Chicago's Food Rx provides prescription for healthy eating


CHICAGO — The University of Chicago Medicine and Walgreens are teaming up to launch a "Food Rx" initiative that will help people with diabetes improve their eating habits by overcoming two major hurdles when shopping for food: access and affordability, the groups announced Aug. 15.

As part of the Improving Diabetes Care and Outcomes on the South Side of Chicago, a project based at the University of Chicago Medicine, diabetes patients who visit 1-of-6 South Side clinics can receive a prescription-like checklist of their doctors' food recommendations and a coupon for $5 off $20 worth of healthy food at participating Walgreens locations. Patients also can get a $3 voucher for the weekly 61st Street Farmers Market in the Woodlawn neighborhood.

"The factors driving the diabetes prevalence rate on the South Side are multifaceted, and addressing them requires a comprehensive, nuanced approach," stated Monica Peek, lead on the Food Rx initiative and associate director of the Chicago Center for Diabetes Translation Research. "Many of the patients we see have challenges accessing and preparing healthy food. Through continued education and initiatives like this one, we’re working to chip away at the obstacles and alter behaviors."

The Food Rx initiative builds on the Improving Diabetes Care and Outcomes on the South Side of Chicago interventions already under way, including patient education, grocery store tours, tools for healthcare providers, improvements to clinic systems and relationships with community organizations such as food pantries.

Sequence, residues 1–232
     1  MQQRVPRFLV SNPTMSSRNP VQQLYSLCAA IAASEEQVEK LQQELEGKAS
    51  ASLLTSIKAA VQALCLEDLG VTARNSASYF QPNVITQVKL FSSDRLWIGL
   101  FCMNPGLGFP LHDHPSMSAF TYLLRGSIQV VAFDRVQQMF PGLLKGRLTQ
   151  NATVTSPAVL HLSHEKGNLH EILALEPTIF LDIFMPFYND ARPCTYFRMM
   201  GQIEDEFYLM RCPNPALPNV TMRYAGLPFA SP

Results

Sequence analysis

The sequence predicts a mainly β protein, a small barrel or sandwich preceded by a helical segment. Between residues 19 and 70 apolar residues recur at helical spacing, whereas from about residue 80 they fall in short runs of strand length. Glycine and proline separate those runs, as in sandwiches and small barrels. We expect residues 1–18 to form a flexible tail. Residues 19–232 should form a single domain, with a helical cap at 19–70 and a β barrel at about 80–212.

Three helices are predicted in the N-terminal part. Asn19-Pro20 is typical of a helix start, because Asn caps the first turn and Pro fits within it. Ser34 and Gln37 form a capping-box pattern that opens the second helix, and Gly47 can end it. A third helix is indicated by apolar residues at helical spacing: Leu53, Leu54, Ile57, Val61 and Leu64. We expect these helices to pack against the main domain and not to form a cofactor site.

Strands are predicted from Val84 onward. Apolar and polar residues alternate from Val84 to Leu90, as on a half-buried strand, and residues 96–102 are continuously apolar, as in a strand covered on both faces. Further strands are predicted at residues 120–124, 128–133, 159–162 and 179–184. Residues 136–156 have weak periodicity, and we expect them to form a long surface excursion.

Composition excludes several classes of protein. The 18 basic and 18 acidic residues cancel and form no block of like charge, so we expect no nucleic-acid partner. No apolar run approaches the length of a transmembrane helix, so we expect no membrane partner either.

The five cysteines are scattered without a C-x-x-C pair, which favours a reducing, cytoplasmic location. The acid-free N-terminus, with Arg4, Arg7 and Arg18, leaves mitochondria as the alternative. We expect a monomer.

Food Rx organizers reported that the participating clinics are natural collaborators in this effort because they already serve the target population, and Walgreens has made a commitment to provide greater access to fresh fruits and vegetables, low-fat dairy products and whole grains in food desert communities.

These types of partnerships do more than just create a halo effect for Walgreens — they have a potential to make a real impact on patient outcomes.

According to the Institute for Alternative Futures' diabetes model estimates for the Chicago metropolitan statistical area, people living with diabetes (both diagnosed and undiagnosed) will increase by 46% by 2025 to 1.7 million people from a 2010 base of 1.1 million. The resulting medical and societal cost of diabetes will be $15.9 billion, a 54% increase from 2010.

Here is how the IAF projections break down across the Chicago MSA:

  • Number of people with prediabetes in 2010 totaled 2.5 million; in 2025, that will reach 2.6 million;

  • Diagnosed diabetes cases in 2010 totaled 711,800; in 2025, that will reach 1.2 million;

  • Undiagnosed diabetes cases in 2010 totaled 420,800; in 2025, that will reach 449,100;

  • Visual impairment associated with diabetes totaled 128,800 in 2010; in 2025, that will reach 207,300; and

  • Annual deaths attributable to diabetes totaled 10,340 in 2010; in 2025, that will reach 13,740.

"If 50% of people with prediabetes successfully made these lifestyle changes, [including modest weight loss and increase in regular physical activity], it could reduce the number of new cases of diabetes in the Chicago MSA by about 10,400 a year," the IAF said. "Between [2010] and 2025, that would be a reduction of about 135,600 people with diabetes with a cumulative savings of about $8.6 billion."

IAF continued: "Halting the 'twin epidemics' of diabetes and obesity will require fundamental change in all segments of society, including greater access to opportunities for physical activity in our schools, workplaces and communities, and a signficant shift in the American diet away from sugar, salt, refined carbohydrates and saturated fats and toward more fruits and vegetables."

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